Rating 12 Length 2h16 Release 26.3.2014 Director Anthony and Joe Russo About As Steve Rogers adapts to the complexities of a contemporary world, he joins Natasha Romanoff and Sam Wilson in his mission to uncover the secret behind a deadly, mysterious assassin. Moon: Full Moon at the start of the mission on the ship. Where to Watch: Disney Plus Trailer:
This is one of the films that feels a lot different to everything that’s gone before. This is a Marvel Movie with a genre aesthetic. There’s more espionage in this film than 2021’s Black Widow: a film about Nat’s espionage background. Go figure.
The action in this instalment is incredible. Case in point, is the elevator scene. Such an iconic sequence now, but even at the time it was a highlight of the film.
All the costumes have had a upgrade, even if it was only temporary. Not only are our hero’s suits fitting for the film’s tone, the civilian clothing choices are spot on for the time and some items are still desirable. I personally still want Black Widow’s trainers.
The introduction of Sam is joyous. I love how Cap and Sam interact and how much chemistry they have. It’s only through that chemistry that anything that follows is believable.
Talking about relationships, at the heart of this instalment is Steve’s long standing relationship with Bucky Barnes. You can feel the heartbreak of Steve when he has to go toe to toe with the revealed Winter Soldier.
Hill is wasted in this film. She so could , and should, have been used more. It felt too much like lip service, when really she deserves to be much more involved.
Some of the action is hard to watch. The camera pans in the opposite direction of the action. While this, as memory serves, works well on a cinematic screen, it here it gives me motion sickness.
In 2021, I really did find the attack on Fury by the police very hard to watch. Not the fault of the film, but in the context of the current climate; it will have an impact on viewers.
Black Widow’s hair. I know this is probably a stupid gripe, but if you intend to have your main gal have poker straight hair throughout the film, don’t have her wash her hair. I am so irrationally angry that she is seen drying her wavy soggy locks with a towel, only to be seen in the next scene with a salon-worthy blowout. This lives rent-free in my head. I think it always will.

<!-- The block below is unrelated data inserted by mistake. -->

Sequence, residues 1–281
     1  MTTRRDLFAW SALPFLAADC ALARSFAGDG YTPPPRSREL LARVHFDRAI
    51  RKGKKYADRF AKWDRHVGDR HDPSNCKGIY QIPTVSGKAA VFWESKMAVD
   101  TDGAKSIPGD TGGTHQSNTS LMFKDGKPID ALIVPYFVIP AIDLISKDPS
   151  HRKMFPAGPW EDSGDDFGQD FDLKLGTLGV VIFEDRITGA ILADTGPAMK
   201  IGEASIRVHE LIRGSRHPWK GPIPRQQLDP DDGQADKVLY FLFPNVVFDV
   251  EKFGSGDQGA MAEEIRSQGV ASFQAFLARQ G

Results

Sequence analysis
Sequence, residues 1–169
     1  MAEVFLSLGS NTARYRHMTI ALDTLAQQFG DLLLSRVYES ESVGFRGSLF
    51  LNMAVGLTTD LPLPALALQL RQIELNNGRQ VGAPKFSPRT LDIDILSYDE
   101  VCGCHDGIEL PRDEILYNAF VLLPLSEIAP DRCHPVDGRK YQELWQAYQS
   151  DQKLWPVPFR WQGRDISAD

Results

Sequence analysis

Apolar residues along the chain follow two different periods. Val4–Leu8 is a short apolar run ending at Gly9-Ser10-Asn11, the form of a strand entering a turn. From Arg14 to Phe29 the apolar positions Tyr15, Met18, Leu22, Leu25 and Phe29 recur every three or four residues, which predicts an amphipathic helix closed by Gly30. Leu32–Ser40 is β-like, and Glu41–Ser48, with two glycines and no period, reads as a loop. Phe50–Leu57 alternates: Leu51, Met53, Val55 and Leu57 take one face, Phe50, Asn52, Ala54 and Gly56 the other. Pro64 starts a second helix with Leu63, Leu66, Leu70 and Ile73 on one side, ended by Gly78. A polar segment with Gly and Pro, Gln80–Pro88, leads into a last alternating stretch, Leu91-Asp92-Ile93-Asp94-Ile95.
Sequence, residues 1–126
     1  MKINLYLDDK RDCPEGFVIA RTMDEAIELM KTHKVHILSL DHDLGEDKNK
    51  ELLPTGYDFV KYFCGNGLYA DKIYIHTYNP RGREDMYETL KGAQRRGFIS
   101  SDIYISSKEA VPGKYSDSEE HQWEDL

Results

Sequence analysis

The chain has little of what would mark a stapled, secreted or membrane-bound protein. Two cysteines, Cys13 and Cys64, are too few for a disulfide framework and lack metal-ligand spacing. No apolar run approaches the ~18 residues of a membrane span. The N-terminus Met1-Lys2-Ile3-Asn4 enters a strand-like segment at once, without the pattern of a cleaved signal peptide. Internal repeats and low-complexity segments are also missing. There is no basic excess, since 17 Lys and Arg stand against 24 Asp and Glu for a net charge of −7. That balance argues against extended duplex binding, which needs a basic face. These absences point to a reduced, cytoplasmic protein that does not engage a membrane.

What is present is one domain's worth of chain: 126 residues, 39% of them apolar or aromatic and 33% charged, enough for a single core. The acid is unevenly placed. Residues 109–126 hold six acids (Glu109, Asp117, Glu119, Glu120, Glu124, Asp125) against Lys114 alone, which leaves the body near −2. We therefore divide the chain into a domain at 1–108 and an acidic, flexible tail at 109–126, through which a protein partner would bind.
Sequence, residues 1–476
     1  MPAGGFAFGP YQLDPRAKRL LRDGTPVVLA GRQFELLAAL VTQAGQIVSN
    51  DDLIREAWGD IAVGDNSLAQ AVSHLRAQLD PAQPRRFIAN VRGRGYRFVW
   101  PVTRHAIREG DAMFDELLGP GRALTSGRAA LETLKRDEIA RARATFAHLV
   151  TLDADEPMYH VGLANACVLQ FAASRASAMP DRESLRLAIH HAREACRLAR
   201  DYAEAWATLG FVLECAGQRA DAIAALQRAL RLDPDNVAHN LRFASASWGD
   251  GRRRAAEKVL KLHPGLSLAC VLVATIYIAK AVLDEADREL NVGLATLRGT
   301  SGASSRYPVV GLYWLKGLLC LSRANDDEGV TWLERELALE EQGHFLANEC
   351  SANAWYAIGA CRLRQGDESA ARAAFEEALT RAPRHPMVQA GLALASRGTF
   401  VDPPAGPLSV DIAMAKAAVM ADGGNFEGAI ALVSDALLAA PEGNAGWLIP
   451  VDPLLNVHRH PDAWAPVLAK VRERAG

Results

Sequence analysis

The ongoing “casual conversation” with Nat trying to set up Cap. Nope, just nope. Don’t need it. Don’t need the set up of Cap and Sharon (which, btw, is ten times worse now the audience have the knowledge of Endgame). In a film that is probably my favourite of the franchise; this one thing sticks out as forced.
To quote Fury himself; “this shit is why I have trust issues.” Yet another fake death. Yes, I am impressed that it was revealed to be a fake in this film. However, it’s just once too often and it means that as a viewer I start to lose that feeling of jeopardy. I certainly don’t feel anyone’s loss.
Of the nine films of the MCU, this is my favourite. It is a good choice for a one off viewing from the phases and it’s not too long.
Rating 15 Length 1h33 Release 7.11.2014 Director Craig Johnson About When Maggie visits her brother Milo, who has attempted to commit suicide, she asks him to come live at her home for a while. Soon, their broken relationship starts to become stronger. Moon: no moon sighting Where to Watch: Apple TV (rental) Trailer:
Trigger/spoiler Warning: this review, much like the film itself, deals with suicide and sexual assault of a minor.
For its theme and covered topics, this film is incredible charming. It approaches its narrative in a raw, unflinching way. It doesn’t live within a particular genre. Instead showing how life is full of black, white and shades of grey.
Both Kristen Wiig and Bill Hader are incredible. Proving once again, that comedians can do wonders with serious roles, that they have range and that some times it is acceptable for a straight actor to take on a gay role without hitting every stereotype. (Not that anyone should make the assumption of Hader’s sexuality. Even if he has been married and in relationships with women in the past, present or future.) In fact, it is Hader who steals this show for me. There are things that are not explicitly said, but Hader’s performance certainly suggests. That, actually, is a beautiful thing that will allow others to identify with the character and perhaps gain something meaningful from watching.
It’s not explored, but the film does touch the surface of the hereditary aspect of mental ill health and well being. This is perhaps something that hit me the hardest, in a soothing and cathartic way. Some people who do experience mental ill health and episodes of psychological trauma are not able to watch films like these, let alone enjoy them. Myself, I find comfort in the openness, the unity and the expression. It helps to know it’s something others can go through and it helps that there are films like this that those who perhaps never experience the other end of the spectrum can empathise in a safe way.